Monday, September 11, 2017.
You couldn’t have asked for any more from the Boise State defense. The Broncos stymied one of the best quarterbacks in the country, didn’t allow an offensive touchdown until eight minutes remained in the game, and held Washington State to 22 rushing yards. The defense was largely responsible for Boise State’s 31-10 lead in the fourth quarter. To let that slip away ranks among the program’s most frustrating results ever. In fact, ESPN popped up a stat that the Broncos had won 101 consecutive games when leading by 21 points or more, by far the most in the nation. The most inexplicable interception in school history wasn’t the only transgression Saturday night.
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A holding penalty on the ensuing kickoff return and a false start on the first snap that followed killed field position. Still, the defense came through with another stop after the Broncos had to punt. It was then, with less than three minutes left in the game, that a short Cougars’ punt glanced off Boise State’s Reid Harrison-Ducros, and Wazzu could smell blood. Granted, it was exciting from there, including the goal-line stand by the Bronco defense in the first overtime. But wow. It’s in the books—a 47-44 triple-overtime loss.
The Boise State defense registered five sacks on the night, two of them by Leighton Vander Esch, who had a monster game with 16 tackles. But when considering those sacks, you really have to read between the lines. When the Broncos weren’t taking down Luke Falk and Tyler Hilinksi, they were getting very little pressure, and that was the Achilles heel down the stretch on a night when the defense was otherwise outstanding. Coverage of the Washington State receivers was excellent thanks to a preponderance of eight-man drops, but the pass rush paid the price. Falk and Hininski often had all day to throw as a result, and ultimately a Cougar receiver was able to break free for a dink-and-dunk catch and make something of it. That was especially evident in the fourth quarter when Hilinski played his way into Cougar lore.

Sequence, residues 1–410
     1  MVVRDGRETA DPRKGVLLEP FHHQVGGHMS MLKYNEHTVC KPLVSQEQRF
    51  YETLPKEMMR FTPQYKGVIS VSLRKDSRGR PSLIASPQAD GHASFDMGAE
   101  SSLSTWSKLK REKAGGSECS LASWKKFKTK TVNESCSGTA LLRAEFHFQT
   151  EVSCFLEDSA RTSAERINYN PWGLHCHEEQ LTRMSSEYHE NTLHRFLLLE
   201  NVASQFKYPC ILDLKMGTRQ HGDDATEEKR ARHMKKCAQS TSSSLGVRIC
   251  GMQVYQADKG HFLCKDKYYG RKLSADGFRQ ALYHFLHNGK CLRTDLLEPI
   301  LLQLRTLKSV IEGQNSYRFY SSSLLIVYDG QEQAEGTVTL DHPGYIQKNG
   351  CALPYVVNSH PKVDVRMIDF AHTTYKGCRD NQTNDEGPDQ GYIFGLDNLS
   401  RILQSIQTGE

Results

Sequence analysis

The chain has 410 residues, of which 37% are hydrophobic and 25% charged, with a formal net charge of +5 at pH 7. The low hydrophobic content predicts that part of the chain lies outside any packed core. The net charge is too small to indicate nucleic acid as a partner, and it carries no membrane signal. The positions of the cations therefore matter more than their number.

It had been a long time since Montell Cozart had played four quarters of a football game. The first three quarters went really well in Pullman—in fact, so did the very first play of the fourth quarter, the 47-yard touchdown pass to Cedrick Wilson. But unfortunately for Boise State, Cozart could not sustain it. Through the Wilson TD, he was 9-for-11 for 128 yards and the touchdown. After that play and through the three overtimes, Cozart was just 3-for-9 for 33 yards, and included in there was one of the most head-scratching interceptions in Bronco history, the desperation shovel pass flipped in the air that resulted in a deflating pick-six. Is Brett Rypien going to be cleared to play Thursday after the shot he took in the first quarter? Is it Cozart's team for awhile? The quarterback spot is very interesting.
San Diego State carried the flag for the Mountain West in Week 2. The Aztecs were the only winner in the conference’s five matchups against Power 5 schools, taking down Arizona State 30-20 in Tempe. The Aztecs improved to 10-2 in their last 12 true road games as Rashaad Penny had touchdowns via rushing, receiving and kickoff return. Penny’s first TD was a 95-yard run to open the scoring. Elsewhere, Fresno State actually didn’t play that badly Saturday, easily covering the spread in its 41-10 loss at Alabama. There were two upsets—New Mexico will come into Albertsons Stadium seething Thursday night after losing to rival New Mexico State for the second straight year, 30-28. The other? Read on…